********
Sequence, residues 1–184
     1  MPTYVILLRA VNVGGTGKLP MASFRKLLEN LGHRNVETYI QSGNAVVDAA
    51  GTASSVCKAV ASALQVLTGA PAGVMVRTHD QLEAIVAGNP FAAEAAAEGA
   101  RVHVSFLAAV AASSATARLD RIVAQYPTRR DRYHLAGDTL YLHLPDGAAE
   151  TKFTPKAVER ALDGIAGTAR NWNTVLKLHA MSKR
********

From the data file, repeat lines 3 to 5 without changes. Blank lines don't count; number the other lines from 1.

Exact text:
    51  GTASSVCKAV ASALQVLTGA PAGVMVRTHD QLEAIVAGNP FAAEAAAEGA
   101  RVHVSFLAAV AASSATARLD RIVAQYPTRR DRYHLAGDTL YLHLPDGAAE
   151  TKFTPKAVER ALDGIAGTAR NWNTVLKLHA MSKR